Grandeur atop a rock | Sunday Observer
Lankathilaka Raja Maha Vihara:

Grandeur atop a rock

14 November, 2021
The Makara Thorana and the moonstone at the main entrance of the Lankathilaka temple
The Makara Thorana and the moonstone at the main entrance of the Lankathilaka temple

The scene is surreal. A soft cool breeze blows across the Hantane mountain range, rustling the leaves of the massive Bo tree. The green slowly melts into a shadowy blue, while a light mist envelopes the mountains in the distance. The shade and the soothing sounds of the Bo leaves keep us mesmerised. We are at the Lankathilaka Raja Maha Vihara meaning ‘the crown of Lanka’ in the Hiripitiya village, on the Kandy-Daulagala road in Udunuwara, Kandy.

Travelling on the Daulagala road, bracketed by the fertile paddy field and a typical countryside, we catch glimpses of impressive whitewashed exterior of the temple in distance. The Lankathilaka Vihara, surrounded by lush greenery, is believed to be the most magnificent architectural edifice built in the Gampola Kingdom. It stands on top of a boulder named Panhalgala, majestically overlooking Hantane mountain range.

On the temple ground, we met two small playful Samaneras, around age of 12, who were in the preaching hall eagerly awaiting visitors to the temple. Just as they saw us, one of the Samanera asked us to wait while he got the key to the temple, which is kept in another building nearby. Though they are young, the Samaneras are well versed in the history of the temple and proved to be great guides.

Image house

We walked into the image house, after he opened the doors with the huge antique key.The silence was overwhelming as we spent a few minutes in the shrine room photographing the wonder. The Samanera advised us not to use instant flash inside the image house. The main structure on the massive rock boulder contains the preaching hall, Devale and a bell shape Chaitya, with a huge Bo tree.

The temple dates back to the Gampola era around the 14th Century. The Samanera showed us a massive rock inscription which reveals that Lankathilaka Temple is a dedication by Senalankadhikara, a minister of King Buwanekabahu IV. It was King Buwanekabahu, who reigned in +Gampola from 1341 to 1351 AD, who had the Vihara constructed with the help of a renowned South Indian architect, identified as Sthapati Rayar.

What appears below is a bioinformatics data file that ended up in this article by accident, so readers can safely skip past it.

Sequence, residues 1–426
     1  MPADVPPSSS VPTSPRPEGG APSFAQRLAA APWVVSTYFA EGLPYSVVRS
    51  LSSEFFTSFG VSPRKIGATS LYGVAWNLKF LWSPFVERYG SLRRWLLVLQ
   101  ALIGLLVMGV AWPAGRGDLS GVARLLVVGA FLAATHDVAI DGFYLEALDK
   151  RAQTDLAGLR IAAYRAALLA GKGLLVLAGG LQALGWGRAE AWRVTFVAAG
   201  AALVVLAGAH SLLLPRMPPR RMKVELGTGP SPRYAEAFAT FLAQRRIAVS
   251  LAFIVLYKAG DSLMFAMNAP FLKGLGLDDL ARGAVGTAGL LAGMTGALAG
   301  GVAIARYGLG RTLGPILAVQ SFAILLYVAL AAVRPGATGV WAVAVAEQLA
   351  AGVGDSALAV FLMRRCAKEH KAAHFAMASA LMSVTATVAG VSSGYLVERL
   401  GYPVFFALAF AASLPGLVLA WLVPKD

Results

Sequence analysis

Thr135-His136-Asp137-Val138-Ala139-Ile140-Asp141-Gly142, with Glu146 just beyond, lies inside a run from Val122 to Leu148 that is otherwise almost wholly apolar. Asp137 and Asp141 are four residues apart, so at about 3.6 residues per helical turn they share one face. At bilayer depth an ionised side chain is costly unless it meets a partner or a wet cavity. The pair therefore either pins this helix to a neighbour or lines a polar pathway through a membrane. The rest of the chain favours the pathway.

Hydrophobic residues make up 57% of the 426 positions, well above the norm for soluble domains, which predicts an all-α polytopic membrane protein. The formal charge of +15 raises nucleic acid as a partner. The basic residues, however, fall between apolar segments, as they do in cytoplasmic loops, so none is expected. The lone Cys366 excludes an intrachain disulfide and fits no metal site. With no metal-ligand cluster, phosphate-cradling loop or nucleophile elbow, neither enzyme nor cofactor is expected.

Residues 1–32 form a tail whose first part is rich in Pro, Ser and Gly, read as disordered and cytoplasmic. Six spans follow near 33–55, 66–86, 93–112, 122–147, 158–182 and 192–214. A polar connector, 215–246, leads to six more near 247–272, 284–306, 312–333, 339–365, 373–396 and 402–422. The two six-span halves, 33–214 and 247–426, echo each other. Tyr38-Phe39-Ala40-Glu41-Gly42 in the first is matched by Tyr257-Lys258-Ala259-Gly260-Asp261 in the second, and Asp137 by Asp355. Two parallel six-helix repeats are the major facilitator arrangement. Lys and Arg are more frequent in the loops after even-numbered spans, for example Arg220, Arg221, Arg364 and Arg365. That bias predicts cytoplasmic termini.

Five of the kings who succeeded Buwanekabahu IV also chose Gampola as their kingdom. Though the Kings of Gampola were not powerful warriors, they had a high reputation for promoting culture and made a significant contribution to art. Among the monuments from the era that are in existence today, the Gadaladeniya temple, the Embekke Devale and the Lankathilaka temple are the three which distinguish themselves. Of these, the Lankathilaka temple stands out because of the majesty of its structure and design.

According to a legend associated with the construction of the Temple, King Buwanekabahu decided to build it after a bhikkhu reported the sighting of a golden pot floating on the surface of the nearby rocky pond. The king took this as an auspicious sign. In front the main entrance to the temple stands the preaching hall. Flat roof tiles, as opposed to the ordinary half round tiles, cover the central part of the roof and create beautiful patterns.

Elegant architectural design

The main Vihara built on a natural rock boulder, has been constructed using granite, with a plaster covering and stands two storeys tall. Elegant architectural design and rich hued wall paintings, typical of the Kandyan period, illustrating the lives of the Buddha, adorn the inside walls. The ceiling decorated with flora and fauna designs completes the image house.

Two large paintings of lions and two figures of guards facing each other decorate the two walls along the short corridor to the image house. Inside the image house is a magnificent gold-plated Buddha statue placed under a beautiful Makara Thorana. The image house is enriched by four Devales devoted to four deities. Each of the Devales has a separate entrance.

Historical records indicate that the Temple was originally four storeys tall arising from the stone floor and housed a number of decorated Buddha statues. However, the glory of these works is no more due to vagaries of nature and the march of time. What a visitor would see today is a completely reconstructed structure with an elegantly tiled roof. However, the re-construction is not modern. Completed in 1845 by the village headman with the help of renowned architects of that time, it retains most of its salient features and its awe-inspiring majesty.


Today, the temple stands testimony to the creativity of the artisan and craftsmen of the Kandyan era. The entrance to the temple is made of bricks and stones, but what is striking is the decorative moonstone carved out of living rock. A huge Makara Thorana erected at the entrance, flanked by two rare Gajasinha stone statues, add a majestic touch to the temple, making visitor eager to discover the treasure inside.

Visitors can reach the Temple using two routes – one is motorable up to the temple premises on the top of the hill. This is used by most visitors. The other route, the more scenically rewarding route, starts from the foothill of the rock where the bhikkhus’ residence is located, and winds its way up via a steep set of steps cut into the rock. This was the route used in ancient times.

More inscriptions reveal more stories about the place. But the Samaneras need to close the temple and have to return for the Buddha Poojawa.